The whiteness

of snow

on a branch of pine

is the whiteness

of her skin

from shoulder

to thigh.

And the sway of the branch

under its

flesh of snow,

is the song of her hips

in the weight of my hands.

(Mary Dorcey, “The whiteness of snow”, The River That Carries Me, 1995)

Flowing along these verses by Mary Dorcey (Dublin, 1950 – ), our gaze moves with the poet’s as her hand slides on the skin of the one she loves, making her quiver with pleasure. We become participants in a simple, ordinary gesture – as simple and ordinary as the way in which the poet reveals that the one she loves is a woman. The poet’s language, her gesture, her gaze over another woman’s body are as immaculate, clear and taintless as the image of the “whiteness of snow” around which these verses revolve. Merely by singing about “her skin”, Dorcey does not leave room for ambiguity. With just one, common word she triggers the complexity of lesbian love and makes it explode, especially in the eyes of those who would like to see it tainted and doomed to silence or marginality. It is not surprising, then, to find that, after the publication of her first collection of poems (Kindling, 1982), Mary Dorcey’s verses upset the mainstream readership for their direct and shameless representation of lesbian desire. In her poetry, the beauty of the song of a woman’s hips at the poet’s touch is always celebrated without guilt.

In the six collections published so far, Dorcey has shattered the moral bubble of the heteronormative gaze in different ways: by creating a language of lesbian desire; by listening to women’s stories, far too long ignored; and by giving voice to the stories of violence against women and to the claims of the feminist and lesbian movements (she was the first Irish woman to publicly advocate for LGBT+ rights). In her verses, the rediscovery of women’s individual and collective legacy is a key step to claim one’s voice and poetry. Our foremothers are flagships, that is, at once trailblazers and sources of pride, and we daughters travel in their wake (“Uncharted Passage”, in Like Joy in Season, Like Sorrow, 2001). The physical and symbolic space passed on by foremothers is a liberated passage, so that the women who follow can move without restraints and speak out fearlessly:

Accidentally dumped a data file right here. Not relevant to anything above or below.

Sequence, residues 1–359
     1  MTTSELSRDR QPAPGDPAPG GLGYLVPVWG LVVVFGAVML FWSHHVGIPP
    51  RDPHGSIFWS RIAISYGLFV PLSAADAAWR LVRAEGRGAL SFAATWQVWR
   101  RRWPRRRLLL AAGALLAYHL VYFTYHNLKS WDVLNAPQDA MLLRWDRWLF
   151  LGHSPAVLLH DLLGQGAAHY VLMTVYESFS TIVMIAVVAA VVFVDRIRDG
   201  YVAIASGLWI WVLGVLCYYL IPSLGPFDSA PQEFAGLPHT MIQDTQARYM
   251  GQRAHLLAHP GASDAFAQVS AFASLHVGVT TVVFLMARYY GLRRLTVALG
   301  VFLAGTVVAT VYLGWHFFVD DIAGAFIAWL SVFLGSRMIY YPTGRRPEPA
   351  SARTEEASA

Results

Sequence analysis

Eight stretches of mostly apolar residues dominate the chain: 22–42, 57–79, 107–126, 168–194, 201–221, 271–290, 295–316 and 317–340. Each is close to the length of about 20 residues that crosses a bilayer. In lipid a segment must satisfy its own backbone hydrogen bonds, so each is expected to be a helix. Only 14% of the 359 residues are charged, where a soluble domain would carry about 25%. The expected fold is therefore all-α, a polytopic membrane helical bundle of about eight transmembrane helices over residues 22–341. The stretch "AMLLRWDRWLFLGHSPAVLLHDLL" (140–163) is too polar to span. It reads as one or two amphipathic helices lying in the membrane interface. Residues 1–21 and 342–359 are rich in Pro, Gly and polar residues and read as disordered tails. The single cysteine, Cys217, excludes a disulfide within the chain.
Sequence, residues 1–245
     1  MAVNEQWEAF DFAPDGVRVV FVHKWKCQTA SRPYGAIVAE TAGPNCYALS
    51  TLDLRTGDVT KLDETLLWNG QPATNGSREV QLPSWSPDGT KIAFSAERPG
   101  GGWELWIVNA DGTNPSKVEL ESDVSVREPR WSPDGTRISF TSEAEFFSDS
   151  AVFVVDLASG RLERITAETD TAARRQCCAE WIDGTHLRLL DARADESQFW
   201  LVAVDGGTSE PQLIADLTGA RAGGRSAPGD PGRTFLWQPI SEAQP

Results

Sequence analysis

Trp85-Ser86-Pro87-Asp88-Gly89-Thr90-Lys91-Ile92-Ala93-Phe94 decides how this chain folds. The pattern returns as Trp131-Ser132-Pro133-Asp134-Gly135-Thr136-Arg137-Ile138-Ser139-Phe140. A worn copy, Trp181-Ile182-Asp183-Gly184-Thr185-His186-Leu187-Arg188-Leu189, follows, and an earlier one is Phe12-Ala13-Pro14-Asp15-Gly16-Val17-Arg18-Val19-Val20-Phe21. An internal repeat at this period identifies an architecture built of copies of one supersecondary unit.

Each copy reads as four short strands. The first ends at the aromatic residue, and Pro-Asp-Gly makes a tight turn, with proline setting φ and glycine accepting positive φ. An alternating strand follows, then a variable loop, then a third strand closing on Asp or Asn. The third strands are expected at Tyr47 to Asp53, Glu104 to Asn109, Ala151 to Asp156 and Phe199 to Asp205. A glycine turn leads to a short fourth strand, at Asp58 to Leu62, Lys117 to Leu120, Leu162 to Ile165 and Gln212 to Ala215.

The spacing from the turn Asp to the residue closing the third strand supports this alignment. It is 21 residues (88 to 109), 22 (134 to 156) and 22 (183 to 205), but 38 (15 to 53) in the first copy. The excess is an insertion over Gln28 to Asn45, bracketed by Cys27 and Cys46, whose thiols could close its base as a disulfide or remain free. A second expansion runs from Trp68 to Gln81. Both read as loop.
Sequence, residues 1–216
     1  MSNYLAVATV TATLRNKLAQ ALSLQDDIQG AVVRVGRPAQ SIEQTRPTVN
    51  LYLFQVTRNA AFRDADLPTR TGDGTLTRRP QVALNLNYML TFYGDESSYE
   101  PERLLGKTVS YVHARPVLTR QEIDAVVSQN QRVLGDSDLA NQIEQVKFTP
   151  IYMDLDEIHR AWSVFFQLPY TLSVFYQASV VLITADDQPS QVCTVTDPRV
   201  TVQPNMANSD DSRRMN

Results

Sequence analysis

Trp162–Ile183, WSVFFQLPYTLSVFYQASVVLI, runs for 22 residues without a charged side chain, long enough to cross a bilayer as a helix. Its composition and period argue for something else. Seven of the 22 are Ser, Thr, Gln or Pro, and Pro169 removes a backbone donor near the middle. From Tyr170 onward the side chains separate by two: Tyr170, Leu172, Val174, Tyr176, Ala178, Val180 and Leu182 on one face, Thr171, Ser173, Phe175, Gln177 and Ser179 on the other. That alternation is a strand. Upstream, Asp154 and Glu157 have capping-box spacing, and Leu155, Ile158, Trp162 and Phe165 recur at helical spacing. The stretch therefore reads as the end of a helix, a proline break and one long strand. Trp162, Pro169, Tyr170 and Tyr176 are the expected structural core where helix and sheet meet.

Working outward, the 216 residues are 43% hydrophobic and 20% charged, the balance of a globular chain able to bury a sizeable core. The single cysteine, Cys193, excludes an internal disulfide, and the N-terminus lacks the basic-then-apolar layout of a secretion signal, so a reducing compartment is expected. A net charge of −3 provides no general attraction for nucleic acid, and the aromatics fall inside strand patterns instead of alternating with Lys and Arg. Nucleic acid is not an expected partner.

But you must take every step first

along this passage

we daughters must follow after

each one of us

moving into the space

cleared by our mothers.

(“Trying on for Size”, in Moving into the Space Cleared by Our Mothers, 1991)

In her poems of protest, Dorcey once again smashes the bubble of dominant hypocrisy and shows us glimpses of the daily lives of women for whom the house, the street, the square, or the homeland are not only places of love, freedom, or political participation, but also of violence, threats, war. The woman who walks with her arm around the waist of her beloved without feeling in danger (“Summer”, in Perhaps the Heart Is Constant After All, 2012); the woman who has a job, food, and a home; the woman who reads the stories of everyday violence against other women, victims of distant wars (“A Woman in Another War”, 1995): these are not ordinary women. Mary Dorcey prevents these women, and all of us, from looking naively at the world we live in, and pays homage to all the ‘other’ women who are fighting other wars. Dorcey’s poetry stems from this sharp, clear, taintless gaze:

As if to say here it is –

this is the blood,

the beating pulse, the joy,

the wonder, the grief,

this is what it cost.

this is what I made of it

(“Patchwork”, in To the Air the Soul, Throw All the Windows Wide, 2016)

Articolo tradotto e pubblicato sul numero 52 de La Falla, febbraio 2020